Aussie, aussie, aussie! Oi, oi, oi! I was beyond excited about heading to Australia for the ANC races. Not only was I finally getting to ski across the ditch, I was also going to my best friend's home town with the promise that I would definitely see kangaroos just about everywhere. Despite living through it, I still can't quite believe that our 2hr 30min flight was so short in comparison to the 5hr drive we embarked on to get from Sydney to Jindabyne. A distance that looks so minuscule on the map. As usual by the time our entertaining car ride brought us to Jindy, it was already dark so the anticipation of finally seeing the place I'd heard so much about was unfulfilled till the following morning. We had a day before the races began so we headed up to Perisher to bomb around and see what the race pistes looked like. The famous Australian Flat White certainly held its title for a reason. I've been at big resorts before but Perisher felt a little ridiculous. It was so wide but with its tangle of lifts and lack of ridges it felt as though you spent most of your time traversing from one route to another! Nevertheless I was still super excited that I was there! So much so, that despite being on the hunt to see a live kangaroo, I wandered past 4 kangaroos on my way to the tuning room and didn't even notice them till Adam pointed them out... I knew they were pretty big but I didn't realise that most of them were as tall, if not taller than me (Not that that is actually all that hard but still!!)! On another occasion, not far from where we were staying, I was running and saw an entire field full of kangaroos just hanging out. They weren't too impressed with seeing me and scattered which was quite incredible to witness.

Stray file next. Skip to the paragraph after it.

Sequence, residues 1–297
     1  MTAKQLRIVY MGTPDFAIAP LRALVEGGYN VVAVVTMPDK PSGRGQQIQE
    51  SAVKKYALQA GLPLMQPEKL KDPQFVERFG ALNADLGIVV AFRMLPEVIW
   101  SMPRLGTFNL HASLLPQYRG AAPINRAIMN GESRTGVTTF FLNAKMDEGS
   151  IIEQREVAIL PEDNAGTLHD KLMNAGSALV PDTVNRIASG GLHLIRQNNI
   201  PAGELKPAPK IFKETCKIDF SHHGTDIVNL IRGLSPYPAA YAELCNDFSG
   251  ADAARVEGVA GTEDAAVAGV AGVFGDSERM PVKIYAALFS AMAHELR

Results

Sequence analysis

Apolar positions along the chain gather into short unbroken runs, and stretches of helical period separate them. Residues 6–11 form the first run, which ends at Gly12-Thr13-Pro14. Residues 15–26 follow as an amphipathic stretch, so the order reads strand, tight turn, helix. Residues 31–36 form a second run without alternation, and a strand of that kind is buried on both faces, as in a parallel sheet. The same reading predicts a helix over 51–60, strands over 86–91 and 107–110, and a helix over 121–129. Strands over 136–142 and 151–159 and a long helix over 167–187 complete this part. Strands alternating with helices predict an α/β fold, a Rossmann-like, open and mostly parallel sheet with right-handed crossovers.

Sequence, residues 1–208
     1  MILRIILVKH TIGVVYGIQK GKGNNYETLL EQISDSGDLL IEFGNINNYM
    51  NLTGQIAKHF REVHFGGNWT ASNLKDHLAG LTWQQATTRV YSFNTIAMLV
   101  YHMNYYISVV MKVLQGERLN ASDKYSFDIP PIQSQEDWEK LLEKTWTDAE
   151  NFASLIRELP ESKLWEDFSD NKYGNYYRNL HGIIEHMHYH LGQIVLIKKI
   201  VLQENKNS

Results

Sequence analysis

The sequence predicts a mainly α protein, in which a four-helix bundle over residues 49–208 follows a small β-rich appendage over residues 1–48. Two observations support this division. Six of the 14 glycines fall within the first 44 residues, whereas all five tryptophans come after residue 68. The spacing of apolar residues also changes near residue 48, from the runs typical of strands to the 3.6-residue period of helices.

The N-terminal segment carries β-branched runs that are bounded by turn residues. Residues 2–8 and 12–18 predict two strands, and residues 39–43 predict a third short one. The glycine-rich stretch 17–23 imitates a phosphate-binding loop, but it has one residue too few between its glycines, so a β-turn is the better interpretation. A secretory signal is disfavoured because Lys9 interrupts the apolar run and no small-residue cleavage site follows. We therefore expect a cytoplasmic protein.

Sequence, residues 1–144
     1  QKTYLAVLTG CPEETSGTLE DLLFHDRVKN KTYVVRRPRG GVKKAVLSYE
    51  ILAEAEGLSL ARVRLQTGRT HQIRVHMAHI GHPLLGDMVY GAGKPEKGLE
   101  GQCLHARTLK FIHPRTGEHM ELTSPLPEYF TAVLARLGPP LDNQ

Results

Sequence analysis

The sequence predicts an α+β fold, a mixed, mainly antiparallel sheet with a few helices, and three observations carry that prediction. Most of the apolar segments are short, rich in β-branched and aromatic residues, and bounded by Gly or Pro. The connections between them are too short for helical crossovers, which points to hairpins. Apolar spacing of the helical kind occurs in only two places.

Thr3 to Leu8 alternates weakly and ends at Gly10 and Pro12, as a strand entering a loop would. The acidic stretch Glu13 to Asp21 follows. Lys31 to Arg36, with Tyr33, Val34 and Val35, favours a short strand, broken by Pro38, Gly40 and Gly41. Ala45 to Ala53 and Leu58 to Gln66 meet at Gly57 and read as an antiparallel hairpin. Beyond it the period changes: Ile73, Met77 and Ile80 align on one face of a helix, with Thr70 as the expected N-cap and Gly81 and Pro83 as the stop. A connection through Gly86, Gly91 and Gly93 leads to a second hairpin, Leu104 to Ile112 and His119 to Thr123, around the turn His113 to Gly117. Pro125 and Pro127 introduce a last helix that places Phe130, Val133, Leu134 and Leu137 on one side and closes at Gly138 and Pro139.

Anyway, enough about kangaroos, we were met with a terrible weather report for our weeks races. Armed with our new storm jackets from ONE studio we ventured out into the wind and rain to race some slalom. Lucky for us the wind was so strong that the imposing clouds just rolled overhead all day. I was in 6th after the first run with some tactical changes needed. After the second run I moved up to 3rd also placing as the 2nd U21 scoring a result that exactly tied with my previous best SL result of 53.42. The following day the weather also held out pretty well and again I was round about 6th after the first run with similar mistakes. Second run I improved hugely, coming in second on that run which pulled me up to 4th overall and the 3rd U21 scoring a PB of 48.47! Having cheated the weather the past two days we ran out of luck heading into the GS races. The fog was so bad they lowered the start by about 8 gates and kept pushing the start time back. After a couple hours of set backs the fog lifted from all bar the first couple gates and the race was underway. After the first run I was only 0.20 seconds behind fellow kiwi Piera Hudson and despite a mistake second run, managed to keep relatively hot on her heels, locking in 2nd place in both the open and U21 as well as scoring my best ever GS result with a 34.88! Unfortunately it rained pretty heavily in Jindy overnight and snowed quite a bit up the hill which made for some trying conditions for the next day, considering we didn't have a solid snow pack to start with. The weather repeated itself form the day before and again we lowered the start and were delayed. It was still lightly snowing when we began racing but you could see what you were getting into which was a huge help. Regardless of the rough conditions I was keen to race.